Turkey – Amendments on the Law on High Council of Judges and Prosecutors

On 15 February 2014, the Turkish parliament adopted a bill that amended to the Law on the High Council of Judges and Prosecutors. While the bill waits for the decision of the President of the Republic, grave concerns on the independence of judiciary remains.

The new bill raised wide-spread criticism from the opposition parties mainly due to the unconstitutionality of the amendments as well as for the incompatibility with the international standards on this issue. The opposition parties and the relative stake holders stated on several occasions that the amendments brought by the bill were in conflict with the article 159 of the constitution which guarantees the independence of courts and the legal guarantee of the judges. It endangers one of the founding principles of democracy, the independence of judiciary from the executive and separation of powers.

Supervisory Functions

Article 17 of the HCJP in force, which lays down the Duties and Powers of the Council Inspectors was criticized by the Venice Commission in 2010 for being too broad and conferring wide powers of inspection and supervision to the HCJP ;

The general competence given in Article 17.1 is very wide, stating, inter alia, that the inspectors have the right and duty to:

“Supervise whether judges and prosecutors perform their duties in compliance with laws, regulations, bylaws and circulars”.

This is then limited by Article 17.4, which states that the inspectors:

“performing in accordance with the principles of independence of the courts and tenure of judges cannot interfere with the judicial power and discretion…”.

The Venice Commission considers that, although the very wide powers of supervision in Article 17.1 are in principle countered by Article 17.4, it would be preferable to regulate the inspection powers in a more restricted and detailed manner, with greater precision and predictability. Pending such regulation, it is all the more important that Article 17 be interpreted and applied in a restrictive manner, which neither directly or indirectly infringes judicial independence.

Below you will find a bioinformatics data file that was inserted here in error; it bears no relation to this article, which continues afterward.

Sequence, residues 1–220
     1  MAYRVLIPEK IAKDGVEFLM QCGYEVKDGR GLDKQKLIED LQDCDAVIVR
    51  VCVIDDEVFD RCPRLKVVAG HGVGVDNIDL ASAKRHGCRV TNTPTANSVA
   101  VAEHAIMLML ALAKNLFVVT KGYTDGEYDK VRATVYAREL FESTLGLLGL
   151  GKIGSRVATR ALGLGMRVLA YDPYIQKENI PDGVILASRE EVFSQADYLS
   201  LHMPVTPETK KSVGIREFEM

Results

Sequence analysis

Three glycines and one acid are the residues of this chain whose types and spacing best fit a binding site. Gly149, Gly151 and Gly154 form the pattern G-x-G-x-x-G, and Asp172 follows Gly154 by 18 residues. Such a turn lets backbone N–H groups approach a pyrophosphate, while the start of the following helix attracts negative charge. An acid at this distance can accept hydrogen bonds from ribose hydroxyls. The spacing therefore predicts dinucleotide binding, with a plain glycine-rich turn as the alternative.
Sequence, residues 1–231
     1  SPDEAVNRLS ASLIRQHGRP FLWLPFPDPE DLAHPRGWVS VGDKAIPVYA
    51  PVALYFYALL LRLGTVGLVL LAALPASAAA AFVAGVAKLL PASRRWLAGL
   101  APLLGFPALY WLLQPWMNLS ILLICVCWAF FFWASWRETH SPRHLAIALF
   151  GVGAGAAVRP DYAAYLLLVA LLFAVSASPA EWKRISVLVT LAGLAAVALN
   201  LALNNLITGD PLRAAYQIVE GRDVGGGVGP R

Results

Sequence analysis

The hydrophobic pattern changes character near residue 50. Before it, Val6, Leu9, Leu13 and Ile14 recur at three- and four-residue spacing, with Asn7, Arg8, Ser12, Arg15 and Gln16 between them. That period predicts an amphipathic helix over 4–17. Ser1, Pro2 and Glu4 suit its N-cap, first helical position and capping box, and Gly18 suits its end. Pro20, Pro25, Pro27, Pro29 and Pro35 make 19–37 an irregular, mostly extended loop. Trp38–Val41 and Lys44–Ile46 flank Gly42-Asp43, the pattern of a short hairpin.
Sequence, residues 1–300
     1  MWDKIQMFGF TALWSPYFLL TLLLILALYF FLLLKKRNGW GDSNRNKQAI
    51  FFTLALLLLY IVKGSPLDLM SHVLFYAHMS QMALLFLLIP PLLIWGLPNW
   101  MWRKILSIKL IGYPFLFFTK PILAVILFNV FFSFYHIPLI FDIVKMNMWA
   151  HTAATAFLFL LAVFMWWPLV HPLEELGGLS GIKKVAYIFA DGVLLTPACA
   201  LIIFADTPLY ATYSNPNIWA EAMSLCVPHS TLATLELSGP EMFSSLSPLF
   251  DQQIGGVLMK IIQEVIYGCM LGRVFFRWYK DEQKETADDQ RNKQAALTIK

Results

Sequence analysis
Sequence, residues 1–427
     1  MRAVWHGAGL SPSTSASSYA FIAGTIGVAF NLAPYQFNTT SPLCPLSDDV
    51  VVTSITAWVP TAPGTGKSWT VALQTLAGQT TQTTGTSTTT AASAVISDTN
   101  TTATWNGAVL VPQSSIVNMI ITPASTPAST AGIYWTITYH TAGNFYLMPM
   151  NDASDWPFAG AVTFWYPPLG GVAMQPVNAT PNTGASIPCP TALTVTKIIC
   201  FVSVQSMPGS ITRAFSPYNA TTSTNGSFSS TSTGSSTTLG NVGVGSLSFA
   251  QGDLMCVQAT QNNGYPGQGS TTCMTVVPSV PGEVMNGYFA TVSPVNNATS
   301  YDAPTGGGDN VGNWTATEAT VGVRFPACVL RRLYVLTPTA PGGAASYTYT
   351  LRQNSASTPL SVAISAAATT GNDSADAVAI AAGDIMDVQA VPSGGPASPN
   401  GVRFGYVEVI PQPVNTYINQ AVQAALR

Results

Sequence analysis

The bill, instead of resolving this issue, attaches the Council Inspectors to the Ministry of Justice. According to the amendments, the Minister of Justice will have the power to appoint the Chairman, Vice Chairmen of the Council Inspectors which will be responsible to the Minister of Justice. The Inspector Council will fulfill the tasks given by the Minister of Justice.

Under article 9 of the HCJP law, the Third Chamber is charged with supervising through Council Inspectors, whether judges and prosecutors perform their duties in compliance with laws, regulations, bylaws and circulars. However, the amendments confer the authority of final decision of holding an inquiry or investigation to the Minister of Justice. Thus rendering the authority of the Third Chamber illusionary.

Amendments concerning the supervisory powers of the HCJP are in clear conflict with the European standards mentioned in the Venice Commission’s Opinion On The Draft Law on Judges And Prosecutors Of Turkey (CDL-AD(2011)004). In 2010 the Venice Commission had criticized the HCJP law on the grounds that it failed to rely on effective self-regulation;

Effective self-regulation related to the execution of the official duties seems preferable to a system that heavily relies on external supervision and disciplinary sanctions. In the Turkish court system, there seems to be a lack of reliance on such self-regulation

With the amendments mentioned above, the Minister of Justice will be the sole authority to supervise the judiciary as well as the members of HCJP for its supervision and regulation.

Formation of the HCJP

The amendments to the law on HCJP bring an additional article 4 to the law which terminates the duties of the following office bearers of HCJP

· HCJP Secretary General and Deputy Secretary Generals,

· Chairman, Vice Chairmen, Inspectors, of the Council Inspectors, Investigating Judges and the Administrative Staff of the Council Inspectors.


The additional article 4 ends the duties at the HCJP, of the following office bearers

· HCJP Deputy Chairman

· Heads of the chambers and the HCJP members working in the chambers